Sometimes backward, then forward, but always changing. Who would have predicted the phone would be the camera. We have more photographers than ever as a result. The same with video. It has become mainstream.
The technology starts out in a specialized form, but always becomes more affordable.

Yes, there will be those who want film and the darkroom, or a hybrid, film and the digital darkroom. Sensor technology and PP tech will eventually give us the same characteristics and more than film could never give us. Movies are made with digital cameras, unthinkable until recently.

David Hockney's book Secret Knowledge is perhaps the best answer as a long view look at technology and art. Even the birth of the "photographic image" before the science was invented.

This is the change that surrounds us.

Having said all of that ... it's good to reflect. Thank you for your article.
Logged

Paulo Bizarro

  • Sr. Member
  • ****
  • Offline Offline
  • Posts: 6397
    • http://www.paulobizarro.com
Re: Obsolescence Be Damned! - LuLa Article
« Reply #6 on: October 09, 2015, 04:04:01 am »

There are several pragmatic aspects:

1. If you make a living from photography, you need to be aware of the latest and greatest technology, just to compete against others. Unless you are very famous and can just dump your memory cards with your printing person, and leave your business details with a trusty associate.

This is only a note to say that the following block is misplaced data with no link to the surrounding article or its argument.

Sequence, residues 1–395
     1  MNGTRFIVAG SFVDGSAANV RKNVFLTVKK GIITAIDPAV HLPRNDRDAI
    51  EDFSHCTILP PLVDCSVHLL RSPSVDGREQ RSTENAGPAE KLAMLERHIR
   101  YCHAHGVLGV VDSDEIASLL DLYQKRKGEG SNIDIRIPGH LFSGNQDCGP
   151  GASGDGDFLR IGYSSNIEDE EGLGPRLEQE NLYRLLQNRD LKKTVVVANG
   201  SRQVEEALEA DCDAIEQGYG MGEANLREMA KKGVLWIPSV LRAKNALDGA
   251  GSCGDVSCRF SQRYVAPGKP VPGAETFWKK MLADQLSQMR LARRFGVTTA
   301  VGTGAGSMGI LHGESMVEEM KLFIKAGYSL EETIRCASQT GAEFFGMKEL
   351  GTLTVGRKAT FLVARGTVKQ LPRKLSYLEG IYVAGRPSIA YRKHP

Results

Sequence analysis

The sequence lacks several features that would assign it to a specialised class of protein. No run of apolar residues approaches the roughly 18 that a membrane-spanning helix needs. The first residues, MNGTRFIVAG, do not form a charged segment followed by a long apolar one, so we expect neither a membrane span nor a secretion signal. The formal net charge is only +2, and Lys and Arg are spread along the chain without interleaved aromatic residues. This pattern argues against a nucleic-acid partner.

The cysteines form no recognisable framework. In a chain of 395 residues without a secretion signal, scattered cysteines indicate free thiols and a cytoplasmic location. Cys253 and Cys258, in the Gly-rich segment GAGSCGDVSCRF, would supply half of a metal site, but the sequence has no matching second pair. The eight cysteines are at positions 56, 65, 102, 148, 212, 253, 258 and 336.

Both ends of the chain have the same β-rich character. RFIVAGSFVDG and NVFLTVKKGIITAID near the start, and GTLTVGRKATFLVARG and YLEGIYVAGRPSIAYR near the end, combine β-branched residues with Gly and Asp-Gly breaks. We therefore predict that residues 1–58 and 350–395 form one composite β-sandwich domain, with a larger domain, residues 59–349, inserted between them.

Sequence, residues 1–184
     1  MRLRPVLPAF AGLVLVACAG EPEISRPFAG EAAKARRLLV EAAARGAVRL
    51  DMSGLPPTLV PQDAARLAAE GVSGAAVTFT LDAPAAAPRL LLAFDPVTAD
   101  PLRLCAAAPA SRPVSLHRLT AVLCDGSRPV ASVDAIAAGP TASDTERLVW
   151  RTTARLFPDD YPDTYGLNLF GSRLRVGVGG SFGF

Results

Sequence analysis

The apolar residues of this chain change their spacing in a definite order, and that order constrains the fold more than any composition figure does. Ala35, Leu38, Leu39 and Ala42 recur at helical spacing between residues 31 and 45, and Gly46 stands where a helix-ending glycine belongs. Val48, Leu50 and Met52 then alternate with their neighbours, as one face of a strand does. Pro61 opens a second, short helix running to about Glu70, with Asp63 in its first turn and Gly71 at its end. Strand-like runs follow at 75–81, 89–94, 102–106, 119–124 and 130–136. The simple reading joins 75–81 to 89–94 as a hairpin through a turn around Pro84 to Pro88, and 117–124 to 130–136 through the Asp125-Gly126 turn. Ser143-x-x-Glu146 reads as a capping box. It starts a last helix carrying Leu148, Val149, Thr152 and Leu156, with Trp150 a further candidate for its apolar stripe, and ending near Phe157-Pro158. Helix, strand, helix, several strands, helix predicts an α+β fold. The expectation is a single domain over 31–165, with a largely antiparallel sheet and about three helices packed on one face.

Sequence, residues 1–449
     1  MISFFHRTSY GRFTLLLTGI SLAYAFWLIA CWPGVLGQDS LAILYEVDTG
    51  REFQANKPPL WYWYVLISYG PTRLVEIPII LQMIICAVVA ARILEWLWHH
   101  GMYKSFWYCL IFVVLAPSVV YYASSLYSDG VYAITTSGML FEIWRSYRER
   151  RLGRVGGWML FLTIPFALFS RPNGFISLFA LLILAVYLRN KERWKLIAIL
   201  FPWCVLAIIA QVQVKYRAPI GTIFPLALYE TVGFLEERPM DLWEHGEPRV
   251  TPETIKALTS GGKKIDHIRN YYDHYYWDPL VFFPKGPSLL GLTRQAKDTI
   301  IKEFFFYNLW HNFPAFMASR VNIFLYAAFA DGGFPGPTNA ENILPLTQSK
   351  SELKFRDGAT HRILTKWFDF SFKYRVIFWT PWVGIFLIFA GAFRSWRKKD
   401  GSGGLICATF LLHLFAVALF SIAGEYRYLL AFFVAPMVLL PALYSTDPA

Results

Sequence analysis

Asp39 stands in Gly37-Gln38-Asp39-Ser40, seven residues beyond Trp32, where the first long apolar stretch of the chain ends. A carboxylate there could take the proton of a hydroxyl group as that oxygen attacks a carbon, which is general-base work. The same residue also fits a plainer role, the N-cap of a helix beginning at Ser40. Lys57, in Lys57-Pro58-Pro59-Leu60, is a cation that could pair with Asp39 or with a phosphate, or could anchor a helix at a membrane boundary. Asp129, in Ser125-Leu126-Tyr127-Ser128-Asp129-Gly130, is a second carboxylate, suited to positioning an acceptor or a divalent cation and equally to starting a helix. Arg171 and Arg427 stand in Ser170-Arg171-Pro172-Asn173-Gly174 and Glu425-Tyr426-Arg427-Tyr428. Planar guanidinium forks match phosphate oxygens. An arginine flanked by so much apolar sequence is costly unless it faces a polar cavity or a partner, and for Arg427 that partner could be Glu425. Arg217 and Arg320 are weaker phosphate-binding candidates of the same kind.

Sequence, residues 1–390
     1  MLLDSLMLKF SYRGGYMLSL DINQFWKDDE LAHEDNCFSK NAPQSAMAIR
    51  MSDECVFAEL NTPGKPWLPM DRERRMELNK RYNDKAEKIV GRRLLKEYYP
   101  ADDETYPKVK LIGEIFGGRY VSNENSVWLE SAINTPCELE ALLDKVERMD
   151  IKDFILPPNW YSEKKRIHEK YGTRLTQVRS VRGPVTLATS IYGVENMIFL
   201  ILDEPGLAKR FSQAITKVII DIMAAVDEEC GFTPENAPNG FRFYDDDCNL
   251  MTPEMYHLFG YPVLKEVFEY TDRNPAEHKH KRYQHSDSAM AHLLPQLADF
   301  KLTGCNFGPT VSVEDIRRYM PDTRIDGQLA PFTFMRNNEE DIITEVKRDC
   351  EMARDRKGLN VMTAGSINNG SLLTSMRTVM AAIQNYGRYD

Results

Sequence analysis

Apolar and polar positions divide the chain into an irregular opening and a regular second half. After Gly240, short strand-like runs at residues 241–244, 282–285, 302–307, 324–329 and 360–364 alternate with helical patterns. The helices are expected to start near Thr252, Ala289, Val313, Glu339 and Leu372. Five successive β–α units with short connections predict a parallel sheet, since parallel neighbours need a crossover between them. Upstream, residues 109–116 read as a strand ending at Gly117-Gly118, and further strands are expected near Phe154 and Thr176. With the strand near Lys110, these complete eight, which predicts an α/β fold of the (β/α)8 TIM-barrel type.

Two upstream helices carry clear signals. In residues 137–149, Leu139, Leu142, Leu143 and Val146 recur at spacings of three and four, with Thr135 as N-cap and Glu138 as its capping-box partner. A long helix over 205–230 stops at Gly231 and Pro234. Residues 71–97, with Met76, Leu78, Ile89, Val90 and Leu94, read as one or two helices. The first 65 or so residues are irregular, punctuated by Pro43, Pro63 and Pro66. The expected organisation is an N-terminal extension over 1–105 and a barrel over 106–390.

2. If you are just shooting for yourself, sure, use whatever you are comfortable with.

GrahamBy

  • Sr. Member
  • ****
  • Offline Offline
  • Posts: 1811
    • Some of my photos
Re: Obsolescence Be Damned! - LuLa Article
« Reply #7 on: October 09, 2015, 04:12:12 am »

Constantly learning rather than doing can be detrimental to the practice of whatever you are practicing

A couple of weeks ago I found some framed B&W prints I made after my first trip hitching around France in 1984. Shot on an OM4, possibly on XP1, printed on my $100 Chinese enlarger on multigrade Ilford RC. Y'know, I would have been happy to have taken and printed them yesterday  :D